PhD Defence: Efstratia Arampatzi
In her dissertation ‘Subjective Well-Being in Times of Crisis Evidence on the wider impact of economic crises and turmoil on subjective well-being’, Efstratia Arampatzi uses subjective judgments of how well we do in life to provide evidence on the wider impact of economic crises and turmoil on SWB.
Efstratia Arampatzi defended her dissertation in the Senate Hall at Erasmus University Rotterdam on Thursday, November 1 at 15:30. Her supervisors were Prof. Harry Commandeur, Prof. Frank van Oort and Prof. Martijn Burger. Other members of the Doctoral Committee are Prof. D. Skouras (University of Patras) and Job van Exel(ESHPM)
Efstratia holds a degree in International and European studies from the University of Macedonia in Greece and a master’s degree in Economics and Business from Erasmus University in the Netherlands. She started her PhD in 2014 under the supervision of Harry Commandeur, Frank van Oort and Martijn Burger. Her research focuses on happiness economics and the determinants of subjective well-being, including the effects of economic shocks and the role of governance, occupational choice, and social network sites. She has co-authored several articles published in the Journal of Happiness Studies, Applied Economic Letters and Review of Income and Wealth.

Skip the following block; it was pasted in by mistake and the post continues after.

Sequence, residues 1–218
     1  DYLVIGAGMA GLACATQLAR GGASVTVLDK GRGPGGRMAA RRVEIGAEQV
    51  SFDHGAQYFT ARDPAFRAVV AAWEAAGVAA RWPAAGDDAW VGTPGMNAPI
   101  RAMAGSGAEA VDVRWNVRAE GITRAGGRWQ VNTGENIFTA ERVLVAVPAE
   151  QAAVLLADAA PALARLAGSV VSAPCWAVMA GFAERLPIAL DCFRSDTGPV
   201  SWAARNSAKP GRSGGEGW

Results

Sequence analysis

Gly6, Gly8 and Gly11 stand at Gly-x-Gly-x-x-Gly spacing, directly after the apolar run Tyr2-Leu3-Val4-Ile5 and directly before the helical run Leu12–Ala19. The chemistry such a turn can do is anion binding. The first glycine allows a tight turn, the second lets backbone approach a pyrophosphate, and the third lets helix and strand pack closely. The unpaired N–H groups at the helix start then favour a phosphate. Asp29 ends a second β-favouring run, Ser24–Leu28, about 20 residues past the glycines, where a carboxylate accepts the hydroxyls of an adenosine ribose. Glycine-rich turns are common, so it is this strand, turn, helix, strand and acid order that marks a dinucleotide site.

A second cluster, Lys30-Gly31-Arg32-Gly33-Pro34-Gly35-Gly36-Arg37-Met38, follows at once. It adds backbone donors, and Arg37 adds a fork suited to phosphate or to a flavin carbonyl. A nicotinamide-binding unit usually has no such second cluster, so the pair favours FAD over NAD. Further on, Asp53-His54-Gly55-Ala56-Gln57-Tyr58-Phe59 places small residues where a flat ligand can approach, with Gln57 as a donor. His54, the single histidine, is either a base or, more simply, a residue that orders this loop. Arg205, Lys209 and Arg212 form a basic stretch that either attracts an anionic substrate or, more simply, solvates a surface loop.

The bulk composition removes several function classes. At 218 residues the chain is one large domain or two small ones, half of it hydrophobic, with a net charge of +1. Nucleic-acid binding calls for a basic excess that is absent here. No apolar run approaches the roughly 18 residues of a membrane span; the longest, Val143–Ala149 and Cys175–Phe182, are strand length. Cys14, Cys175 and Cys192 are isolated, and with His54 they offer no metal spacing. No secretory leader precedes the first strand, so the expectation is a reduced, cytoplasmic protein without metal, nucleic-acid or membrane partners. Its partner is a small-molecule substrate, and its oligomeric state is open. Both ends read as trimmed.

Over the last few years, policy-makers and scholars have highlighted the (complementary) role of subjective well-being (SWB) indicators in evaluating economic and social progress, however, research on SWB related to the causes and consequences of socioeconomic phenomena such as social uprisings and economic crises is in general limited. In this dissertation I use subjective judgments of how well we do in life to provide evidence on the wider impact of economic crises and turmoil on SWB.
In the first part of this dissertation, I explore the relative performance of an income-based indicator of prosperity compared to a subjective well-being indicator of prosperity and empirically examine the factors that possibly drive their differences. My findings suggest that four key factors – perceptions about standards of living, unemployment rates, perceptions about local job market and perceptions about corruption in government– explain the discrepancy between the two types of measures.
In the second part, I examine the sources and preconditions in which positive economic progress goes hand in hand with dissatisfaction and preconditions in which negative economic progress is less painful. Despite the progress observed in many Arab Spring countries prior to the social uprisings, the decline observed in life satisfaction on the eve of the Arab spring was associated primarily with dissatisfaction with the standard of living, poor labor market conditions, and corruption in the form of nepotism or cronyism. Regarding the impact of economic downturns on SWB, I find three factors that moderate SWB losses; financial distress, economic expectations and regional quality of governance.
Photos: Chris Gorzeman / Capital Images